In this month’s Indie Corner, I rebooted a wonderful conversation I had a few years ago with Jennifer Harrington, author and illustrator at Eco Books 4 Kids. The interview explores her children’s book Spirit Bear as well as the then looming threat of the Northern Gateway Pipeline project, which was squashed by the government, though recent talks by Conservative Party leader Erin O’Toole want to revive the project.
I’ve added a Support Us link to Dragonfly. I do not ask for donations and will never put content behind a paywall or install ads or annoying pop-ups. But ever since our move to Nova Scotia, I’ve expanded my Dragonfly Pub business to include book review and editorial services. So check it out!
November Book Recommendation
New section here at Dragonfly’s newsletter!
Based on a talk that Nnedi Okorafor gave to Matt Bell’s creative writing class (see “In Other News” below), I thought it was time to read her novel Lagoon. It’s been on my reading list forever, and I’ve recommended it before, based upon previous reviews. In her talk with Bell’s class, I learned some things about Lagoon. First published in 2014, it’s a different take on an alien invasion than something like the movie District 9, which displayed Africans differently than they genuinely are. Further, Okorafor revealed how much she enjoys the ocean environment as well as myths of sea creatures, which tie into the novel, and partly why she set this novel in Lagos, Nigeria, a city on the ocean. In my exploration of African fiction that is concerned about the environment and/or is immersed into natural ecosystems, I had already read Okorafor’s Who Fears Death, and fell in love. I’m just getting into Lagoon and am spellbound.
Rice University has a new Zoom discussion series titled Discussing Our Research & Knowledge Socially (DORKS). I’ll join DORKS as a speaker on December 18th at 3:15 pm EST in a session about science and art. I’ll be talking about eco-fiction alongside another speaker who will talk about fungi-inspired art.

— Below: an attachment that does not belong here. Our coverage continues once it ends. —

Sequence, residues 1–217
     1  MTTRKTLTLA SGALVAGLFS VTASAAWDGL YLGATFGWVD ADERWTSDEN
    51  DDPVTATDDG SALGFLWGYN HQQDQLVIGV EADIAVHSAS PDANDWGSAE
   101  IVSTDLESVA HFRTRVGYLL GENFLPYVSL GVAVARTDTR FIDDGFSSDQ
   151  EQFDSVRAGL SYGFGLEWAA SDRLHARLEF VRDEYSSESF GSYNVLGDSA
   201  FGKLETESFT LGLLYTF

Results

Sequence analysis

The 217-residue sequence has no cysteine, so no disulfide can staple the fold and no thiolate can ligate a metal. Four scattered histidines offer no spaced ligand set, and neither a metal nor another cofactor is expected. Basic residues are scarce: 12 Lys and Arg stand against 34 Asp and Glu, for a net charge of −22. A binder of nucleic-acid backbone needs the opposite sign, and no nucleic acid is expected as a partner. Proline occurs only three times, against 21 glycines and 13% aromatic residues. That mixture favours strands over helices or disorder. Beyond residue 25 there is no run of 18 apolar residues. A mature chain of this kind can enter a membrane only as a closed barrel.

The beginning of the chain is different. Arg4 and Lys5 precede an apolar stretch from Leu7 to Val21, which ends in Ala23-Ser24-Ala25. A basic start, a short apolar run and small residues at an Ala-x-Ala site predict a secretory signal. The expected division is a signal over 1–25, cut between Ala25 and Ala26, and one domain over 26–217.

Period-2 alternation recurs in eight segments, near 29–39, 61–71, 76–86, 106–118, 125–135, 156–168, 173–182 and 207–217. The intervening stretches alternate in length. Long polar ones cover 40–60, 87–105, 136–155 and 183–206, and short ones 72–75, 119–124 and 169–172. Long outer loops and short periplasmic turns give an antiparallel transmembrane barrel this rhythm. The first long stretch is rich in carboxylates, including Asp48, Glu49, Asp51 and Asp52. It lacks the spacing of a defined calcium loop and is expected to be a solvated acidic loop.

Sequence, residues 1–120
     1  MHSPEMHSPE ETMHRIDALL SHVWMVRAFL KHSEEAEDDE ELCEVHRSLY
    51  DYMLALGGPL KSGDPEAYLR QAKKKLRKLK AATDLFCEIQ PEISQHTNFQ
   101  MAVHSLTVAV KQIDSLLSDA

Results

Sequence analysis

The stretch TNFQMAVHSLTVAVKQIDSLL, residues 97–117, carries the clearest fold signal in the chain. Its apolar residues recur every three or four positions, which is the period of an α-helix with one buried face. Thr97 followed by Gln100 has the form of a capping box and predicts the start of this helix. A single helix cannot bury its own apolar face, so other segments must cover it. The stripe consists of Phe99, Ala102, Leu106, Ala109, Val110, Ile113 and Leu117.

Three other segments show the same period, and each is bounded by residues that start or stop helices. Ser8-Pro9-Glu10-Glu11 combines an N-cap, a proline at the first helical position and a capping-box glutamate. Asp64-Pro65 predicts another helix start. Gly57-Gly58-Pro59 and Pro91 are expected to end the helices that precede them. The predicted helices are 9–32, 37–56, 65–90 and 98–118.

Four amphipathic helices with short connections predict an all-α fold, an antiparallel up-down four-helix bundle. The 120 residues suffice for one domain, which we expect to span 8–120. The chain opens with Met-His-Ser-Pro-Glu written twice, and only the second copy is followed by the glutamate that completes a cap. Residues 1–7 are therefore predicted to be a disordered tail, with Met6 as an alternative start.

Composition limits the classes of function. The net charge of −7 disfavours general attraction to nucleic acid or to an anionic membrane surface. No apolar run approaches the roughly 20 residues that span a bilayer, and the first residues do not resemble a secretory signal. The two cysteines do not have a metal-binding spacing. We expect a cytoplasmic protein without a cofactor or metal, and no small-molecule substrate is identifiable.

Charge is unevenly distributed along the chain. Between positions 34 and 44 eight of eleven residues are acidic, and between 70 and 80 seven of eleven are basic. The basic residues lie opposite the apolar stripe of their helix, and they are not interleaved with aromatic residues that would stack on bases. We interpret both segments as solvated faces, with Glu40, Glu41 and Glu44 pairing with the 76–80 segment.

Watch for my review of Eliza Mood’s O Man of Clay, coming near the end of November. According to the publisher, Stairwell, “O Man of Clay is a finely imagined and complex dystopian novel about an England of the future overwhelmed by environmental catastrophe.”
I am a copy-editor for the tri-annual Ecology & Action magazine, which is based in Nova Scotia. The next magazine is coming soon. You can also check out the spring 2021 issue, where I wrote the article Ecological Fiction Inspires Action [PDF].
In Other News
Wow, this talk with Nnedi Okorafor and one of Matt Bell’s creative writing classes at ASU is enlightening. Learn more about Okorafor’s successful stories, including her novel Lagoon. She talks about world-building in science fiction, Africanfuturism, the ocean environment, and so much more.
Kim Stanley Robinson was invited to COP26 to talk about how science fiction exploring climate change, like his novel The Ministry for the Future.
Joy Williams’ Harrow wins the 2021 Kirkus Prize for fiction. “She practices…camouflage, except that instead of adapting to its environment, Williams’s imagination, by remaining true to itself, reveals new colorations in the ecology around her.” -A.O. Scott, The New York Times Book Review
Emma Watson posted a solarpunk slideshow to her 61 million followers. Way to get the word out! One thing that she states is that solarpunk is not just utopia, which is a world we cannot obtain. Solarpunk is about the best world that we can get to, which is a great distinction.
Check out some new and upcoming books: The Last Woman in the World by Inga Simpson, The Morning Star by Karl Ove Knausgaard, The Hungry Earth by Nicholas Kaurmann, Milk Teeth by Helene Bukowski, The Annual Migration of Clouds by Premee Mohamed, Termination Shock by Neal Stephenson, Bewilderment by Richard Powers, and Canyonlands Carnage by Scott Graham.
Octavia Butler’s Parable of the Sower is being adapted to a musical theater event created by Toshi Reagon and Bernice Johnson Reagon, directed by Eric Ting. The event takes place in February 2022 at the Krannert Center, and tickets go on sale January 12, 2022. See the Krannert Center for more information.
In case you’ve missed these exciting resources at Dragonfly, which are constantly being updated, check ‘em out!
World’s biggest playlist? Our environmental/nature song-of-the-week playlist, which goes back to 2015.
Inspiring and informative author quotes from Dragonfly’s interviews
List of ecologically focused games
List of eco/climate films and documentaries
Eco-fiction links and resources
Book database (with nearly 900 titles)
Turning the Tide: The Youngest Generation (fiction aimed toward children, teens, and young adults)
Indie Corner: New as of mid-2020, we give a hats off to authors who publish independently
Backyard Wildlife: A new-ish hidden gem exploring how we are rewilding our own backyard and meadow
Artists & Climate Change. This is an extraordinary resource delving into all kinds of the arts focused on climate change. For a while now they’ve been rerunning my world eco-fiction spotlights. Recently they’ve made me a core writer for their team, and I’m both honored and grateful. Look for my “Wild Authors” series there.